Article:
The book, set in 1854 London, was inspired by the works of author Thomas De Quincy, who is most well known for a series of essays Confessions of an English Opium-Eater, which was later published as a book. The essays are autobiographical, and tell the story of a life lived mostly while addicted to opiates. At the time, in Victorian England, a book so open about addiction and life's hardships was very rare. However, it was the essay entitled On Murder Considered as one of the Fine Arts, in which De Quincy satirically detailed a series of murders in 1811, that inspired Mr. Morrell's novel.
     Mixing the De Quincy's account in On Murder with De Quincy's experiences described in Confessions, Mr. Morrell wove an intricate web of fact and fiction to produce Murder As  A Fine Art. In it, there is a murder of a shop-keeper and his family that appear to be copies of the 1811 murders. Coincidentally, the murders occur as De Quincy, who normally lives in Edinburgh, is in London promoting his work. London Detective Inspector Ryan suspects De Quincy after learning that the crime scenes are so similar to the book written by him, particularly because of the passion, knowledge, and lightheartedness in which On Murder is written. However, Det. Inspector Ryan quickly comes to believe differently and works hard with De Quincy, his daughter Emily, and ambitious London Constable Becker to find and stop the real killer.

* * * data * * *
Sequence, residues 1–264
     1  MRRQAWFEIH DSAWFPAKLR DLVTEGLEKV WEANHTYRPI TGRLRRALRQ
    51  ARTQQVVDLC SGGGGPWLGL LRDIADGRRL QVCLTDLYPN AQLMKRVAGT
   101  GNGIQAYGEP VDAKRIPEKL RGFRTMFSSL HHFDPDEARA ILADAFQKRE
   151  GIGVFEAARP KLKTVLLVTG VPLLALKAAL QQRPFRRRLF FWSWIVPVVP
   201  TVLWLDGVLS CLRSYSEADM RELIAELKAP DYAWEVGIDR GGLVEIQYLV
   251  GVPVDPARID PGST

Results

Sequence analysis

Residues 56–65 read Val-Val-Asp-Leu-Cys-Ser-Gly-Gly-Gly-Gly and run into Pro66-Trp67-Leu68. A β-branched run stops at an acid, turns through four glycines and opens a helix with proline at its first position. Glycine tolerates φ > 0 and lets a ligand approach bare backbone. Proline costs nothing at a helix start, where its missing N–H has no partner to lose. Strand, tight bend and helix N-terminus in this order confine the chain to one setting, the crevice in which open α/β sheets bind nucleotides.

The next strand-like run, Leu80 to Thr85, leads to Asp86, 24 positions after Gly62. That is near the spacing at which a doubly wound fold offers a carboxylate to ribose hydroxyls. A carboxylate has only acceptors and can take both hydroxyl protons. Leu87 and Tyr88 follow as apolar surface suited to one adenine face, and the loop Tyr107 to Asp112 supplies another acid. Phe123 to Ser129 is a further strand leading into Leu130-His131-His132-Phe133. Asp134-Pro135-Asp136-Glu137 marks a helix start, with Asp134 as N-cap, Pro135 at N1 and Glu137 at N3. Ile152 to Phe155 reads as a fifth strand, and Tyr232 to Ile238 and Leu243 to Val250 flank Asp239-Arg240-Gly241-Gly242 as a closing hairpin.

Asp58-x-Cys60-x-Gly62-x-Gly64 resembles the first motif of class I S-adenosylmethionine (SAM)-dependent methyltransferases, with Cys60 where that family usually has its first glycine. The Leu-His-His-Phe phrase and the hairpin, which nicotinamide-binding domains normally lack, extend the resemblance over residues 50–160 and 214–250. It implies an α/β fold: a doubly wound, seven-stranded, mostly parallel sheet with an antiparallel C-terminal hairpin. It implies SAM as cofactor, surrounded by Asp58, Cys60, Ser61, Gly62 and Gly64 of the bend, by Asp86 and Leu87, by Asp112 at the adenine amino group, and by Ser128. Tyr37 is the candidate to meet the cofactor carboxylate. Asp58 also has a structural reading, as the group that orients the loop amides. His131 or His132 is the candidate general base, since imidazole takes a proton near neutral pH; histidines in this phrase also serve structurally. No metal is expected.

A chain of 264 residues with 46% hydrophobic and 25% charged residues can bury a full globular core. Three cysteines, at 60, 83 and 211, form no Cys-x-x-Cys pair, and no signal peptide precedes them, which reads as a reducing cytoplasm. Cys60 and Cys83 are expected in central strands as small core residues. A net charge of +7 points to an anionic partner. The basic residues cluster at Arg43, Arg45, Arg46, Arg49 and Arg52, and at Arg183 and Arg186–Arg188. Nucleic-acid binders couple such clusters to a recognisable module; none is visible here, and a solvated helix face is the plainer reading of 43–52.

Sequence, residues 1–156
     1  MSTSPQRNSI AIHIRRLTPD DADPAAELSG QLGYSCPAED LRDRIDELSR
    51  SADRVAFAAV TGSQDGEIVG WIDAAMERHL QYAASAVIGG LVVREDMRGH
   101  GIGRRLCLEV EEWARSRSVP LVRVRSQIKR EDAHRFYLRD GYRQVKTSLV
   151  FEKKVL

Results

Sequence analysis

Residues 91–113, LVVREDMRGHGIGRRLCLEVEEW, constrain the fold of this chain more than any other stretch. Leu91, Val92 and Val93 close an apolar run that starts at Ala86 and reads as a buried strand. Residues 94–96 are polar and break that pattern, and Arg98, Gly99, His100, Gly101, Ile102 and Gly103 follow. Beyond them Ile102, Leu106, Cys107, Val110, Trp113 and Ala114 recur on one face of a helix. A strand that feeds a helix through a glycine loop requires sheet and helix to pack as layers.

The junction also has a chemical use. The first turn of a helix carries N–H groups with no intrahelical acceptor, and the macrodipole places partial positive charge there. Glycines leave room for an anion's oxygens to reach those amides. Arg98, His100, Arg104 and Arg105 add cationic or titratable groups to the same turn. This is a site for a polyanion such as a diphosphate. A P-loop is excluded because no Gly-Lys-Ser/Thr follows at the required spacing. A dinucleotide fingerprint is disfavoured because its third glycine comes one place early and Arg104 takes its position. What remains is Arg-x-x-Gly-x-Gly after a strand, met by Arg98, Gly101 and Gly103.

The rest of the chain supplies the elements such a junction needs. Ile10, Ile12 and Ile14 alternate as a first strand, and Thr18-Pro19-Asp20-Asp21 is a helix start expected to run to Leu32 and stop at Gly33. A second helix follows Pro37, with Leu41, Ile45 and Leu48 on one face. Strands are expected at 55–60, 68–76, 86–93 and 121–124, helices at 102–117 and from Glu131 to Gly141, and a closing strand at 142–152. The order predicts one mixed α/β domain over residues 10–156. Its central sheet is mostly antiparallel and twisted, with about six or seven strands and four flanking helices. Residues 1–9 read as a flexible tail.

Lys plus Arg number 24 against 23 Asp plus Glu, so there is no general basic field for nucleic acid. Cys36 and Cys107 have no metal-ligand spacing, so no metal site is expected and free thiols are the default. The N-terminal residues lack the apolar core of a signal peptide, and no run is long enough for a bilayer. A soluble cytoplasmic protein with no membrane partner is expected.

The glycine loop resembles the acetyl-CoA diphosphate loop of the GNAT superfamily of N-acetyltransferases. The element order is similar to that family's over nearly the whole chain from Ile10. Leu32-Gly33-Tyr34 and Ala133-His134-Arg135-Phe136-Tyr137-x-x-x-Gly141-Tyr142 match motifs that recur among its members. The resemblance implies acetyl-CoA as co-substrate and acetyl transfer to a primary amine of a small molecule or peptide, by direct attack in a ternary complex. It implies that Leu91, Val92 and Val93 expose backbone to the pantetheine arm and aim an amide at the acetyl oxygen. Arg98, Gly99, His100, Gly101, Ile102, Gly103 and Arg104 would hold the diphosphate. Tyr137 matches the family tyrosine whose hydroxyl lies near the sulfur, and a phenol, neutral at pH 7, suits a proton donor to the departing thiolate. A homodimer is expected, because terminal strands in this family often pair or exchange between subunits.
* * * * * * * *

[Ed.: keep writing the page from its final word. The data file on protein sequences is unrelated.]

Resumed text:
Author David Morrell
     Murder as a Fine Art is packed with action starting in the first chapter. Witty and humorous dialogue, even about brutal murder, was also interspersed throughout the book. The De Quincy character and his daughter are out of place in 19th Century England, before their time, and the reaction of others to them works both in their favor and against them. I enjoyed Mr. Morrell's presentation of 1854 police investigations and how although things have changed so much since then, the investigative processes, politics, importance of rank and class, and more have remained the same.

     In addition to the plot and wealth of interesting and colorful characters, I found an underlying social statement about 19th Century England: the division of the classes and the sexes; the existence of two Londons, those with wealth and those without; the influence of big business in government policy; the influence of the drug trade in England and in the Orient; pollution, mob mentality and vigilantism  and the British governments role in each.
     While the book was set in London in 1854, many parallels could be applied to similar issues today: the growing gap between the rich and poor, corporate involvement in politics and government, the drug war, global warming, and the rise of the Tea Party.

     One of many indicators of a good book to me is if I don't want it to end. Mr. Morrell achieved this in Murder As A Fine Art. I stepped out of my comfort zone when I chose it, but I'm glad I did. I think you will be, too.

Morrell, David. Murder As A Fine Art. Mulholland Books/Little, Brown & Company. May 7,       2013. ISBN-13: 9780316216791